Here is a link to the recipe I recommend. I hope you will enjoy making this modernized version.

5. Nostalgic hong kong style fish Siu Mai

Nostalgic hong kong style fish Siu Mai

These delicious bite-sized balls are one of the famous street foods in hong kong.

It is usually fish fillets or boneless fish wrapped in wanton yellow skin and cooked in a steamer. It sold along with curry fish balls and sweet soy sauce, sesame sauce, and chili oil.

You find these little treats in the streets, eat them for the first time, and you will definitely want to go back for more.

The good thing is that you can make these goodies in the comfort of your home.

You only have to follow  this link and make it happen

6. Stinky tofu

Stinky tofu

Hong Kong is a city with streets that smell differently depending on what is being cooked, so you might find yourself inhaling pollution in between inhaling.

One such smell that may be an eye-opener for you is the stinky tofu. For a  first-timer, you might find the  smell overwhelming or simply awful  as it is not any ordinary food smells

The stinky tofu is thought to be a version of the blue cheese of china. The tofu is left to ferment, after which it is deep fried and immersed in a sauce.

You can easily let your nose guide you to where the stinky tofu is. Interestingly the stinkier the tofu, the better it tastes.

7. Mango pamelo sago dessert

Mango pamelo sago dessert

Mango pamelo constitutes, pureed mango preferably honey mangoes, evaporated milk, and coconut milk.

Sago is a common ingredient for the southeast Asian dessert, thus explaining the invention done in Hong Kong but for a Singapore restaurant, hence the influence of sago.

The recipe also has traditional pulps of pamelo, which is tangy and finalizes on the dessert.

If you don’t get the desired tanginess, then try using grapefruit instead.

However, some people will mix grapes and pamelo to get the desired tanginess.

You can freeze the dessert, so you consume it whenever it is convenient.

Here is a recommendation for the mango pamelo desert.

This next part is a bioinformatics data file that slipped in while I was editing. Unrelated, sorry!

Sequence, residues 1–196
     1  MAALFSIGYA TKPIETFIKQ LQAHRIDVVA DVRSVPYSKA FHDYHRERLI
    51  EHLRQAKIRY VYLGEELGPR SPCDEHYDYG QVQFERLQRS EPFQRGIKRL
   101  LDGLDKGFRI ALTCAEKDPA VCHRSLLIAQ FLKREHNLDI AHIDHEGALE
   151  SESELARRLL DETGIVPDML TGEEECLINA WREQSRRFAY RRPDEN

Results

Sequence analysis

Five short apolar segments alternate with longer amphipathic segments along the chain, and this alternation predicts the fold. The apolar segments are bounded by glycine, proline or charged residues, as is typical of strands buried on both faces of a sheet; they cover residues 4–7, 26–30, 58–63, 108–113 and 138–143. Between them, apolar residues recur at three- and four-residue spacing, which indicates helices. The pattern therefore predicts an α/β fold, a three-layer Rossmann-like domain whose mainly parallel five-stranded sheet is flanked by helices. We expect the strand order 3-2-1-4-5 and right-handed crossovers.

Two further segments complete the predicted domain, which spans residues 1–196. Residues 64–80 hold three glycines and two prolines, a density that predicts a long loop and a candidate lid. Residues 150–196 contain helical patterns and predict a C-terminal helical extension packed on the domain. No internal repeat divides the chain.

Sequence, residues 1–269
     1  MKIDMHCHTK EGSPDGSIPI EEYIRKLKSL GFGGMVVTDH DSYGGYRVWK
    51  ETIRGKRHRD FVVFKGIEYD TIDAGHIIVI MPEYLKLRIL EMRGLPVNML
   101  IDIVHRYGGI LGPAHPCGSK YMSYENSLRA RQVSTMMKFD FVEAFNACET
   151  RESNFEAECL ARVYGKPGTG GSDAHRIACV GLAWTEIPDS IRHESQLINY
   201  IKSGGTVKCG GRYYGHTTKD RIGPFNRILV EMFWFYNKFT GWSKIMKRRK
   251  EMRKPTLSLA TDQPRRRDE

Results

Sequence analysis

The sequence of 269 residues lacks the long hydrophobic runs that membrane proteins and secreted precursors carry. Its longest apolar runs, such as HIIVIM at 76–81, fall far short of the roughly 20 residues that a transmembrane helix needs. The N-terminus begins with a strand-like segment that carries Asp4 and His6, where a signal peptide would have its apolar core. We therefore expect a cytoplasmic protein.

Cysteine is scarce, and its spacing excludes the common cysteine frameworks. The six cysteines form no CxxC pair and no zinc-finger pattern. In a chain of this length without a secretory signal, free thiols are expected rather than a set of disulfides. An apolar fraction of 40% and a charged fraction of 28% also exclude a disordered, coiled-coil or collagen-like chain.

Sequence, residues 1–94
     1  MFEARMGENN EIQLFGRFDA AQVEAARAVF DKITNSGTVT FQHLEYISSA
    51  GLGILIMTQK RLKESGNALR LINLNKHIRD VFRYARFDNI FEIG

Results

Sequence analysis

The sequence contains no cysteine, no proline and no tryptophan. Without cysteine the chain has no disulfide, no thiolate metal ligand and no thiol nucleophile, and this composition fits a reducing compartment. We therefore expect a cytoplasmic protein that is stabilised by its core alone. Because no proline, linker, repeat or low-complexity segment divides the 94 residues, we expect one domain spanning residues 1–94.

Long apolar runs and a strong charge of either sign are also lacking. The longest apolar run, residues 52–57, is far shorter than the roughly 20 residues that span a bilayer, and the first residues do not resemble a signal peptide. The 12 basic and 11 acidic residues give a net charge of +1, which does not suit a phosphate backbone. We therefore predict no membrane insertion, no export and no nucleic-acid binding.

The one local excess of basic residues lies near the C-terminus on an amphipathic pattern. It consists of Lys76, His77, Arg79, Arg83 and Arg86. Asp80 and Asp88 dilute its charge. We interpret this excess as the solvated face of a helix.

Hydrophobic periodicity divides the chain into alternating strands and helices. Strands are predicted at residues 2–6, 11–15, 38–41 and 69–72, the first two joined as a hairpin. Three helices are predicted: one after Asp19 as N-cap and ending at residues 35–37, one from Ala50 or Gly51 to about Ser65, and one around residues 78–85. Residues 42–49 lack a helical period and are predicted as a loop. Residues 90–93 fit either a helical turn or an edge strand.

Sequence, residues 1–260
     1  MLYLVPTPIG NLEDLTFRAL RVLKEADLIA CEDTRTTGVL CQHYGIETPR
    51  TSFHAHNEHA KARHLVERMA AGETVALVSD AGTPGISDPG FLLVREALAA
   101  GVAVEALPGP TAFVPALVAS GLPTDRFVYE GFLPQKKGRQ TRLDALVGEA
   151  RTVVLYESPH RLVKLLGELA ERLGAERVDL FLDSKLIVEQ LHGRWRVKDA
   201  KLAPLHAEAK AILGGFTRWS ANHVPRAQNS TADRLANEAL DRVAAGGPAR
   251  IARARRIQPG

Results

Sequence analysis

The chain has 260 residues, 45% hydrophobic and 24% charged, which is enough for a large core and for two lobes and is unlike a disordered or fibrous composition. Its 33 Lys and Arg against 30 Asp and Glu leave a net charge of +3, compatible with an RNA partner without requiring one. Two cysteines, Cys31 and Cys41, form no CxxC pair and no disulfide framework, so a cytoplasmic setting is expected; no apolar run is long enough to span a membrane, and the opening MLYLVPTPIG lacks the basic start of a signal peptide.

If you like it, do not hesitate to click on this link for the recipe.

8. Bo LO Bao (pineapple burns)

Bo LO Bao pineapple burns

It is a typical invention by the Hong Kong bakers, and it is primarily prevalent in bakeries, just like the bagels and muffins that are popular in the US.

Interestingly the dessert does not contain pineapple for its ingredients; however, it derives its name from the physical appearance that resembles that of a pineapple.

This honking style burn is softer and sweeter and has toppings and fillings that make it unique from the rest, like those from the west.

The fillings include bbq pork filling and Sausage and coconut flavor.

The upper part is crunchy sweet, and buttery and makes the best part of the whole burn. You can take a look at the recipe using this link if you find it fascinating

9. Hong Kong Egg Waffles (Gai Daan Jai)

Hong Kong Egg Waffles Gai Daan Jai

This little treats are supposed to be taken for breakfast; however, back in the days I used to pass by the food vendors in  Hong Kong after school, so I could buy and eat egg waffles on my way home .

This treat come in golden color and a honeycomb shape they have rich flavors almost cake-like.

It has a crispy outer and a soft inner you will enjoy it with every bite.

It is one of the popular honking foods that has been there for as long as I can remember.

The waffles have also evolved with time, with the currents come in different flavors like chocolate, sesame, and strawberries.

But if you are interested in the original Hong Kong style recipe.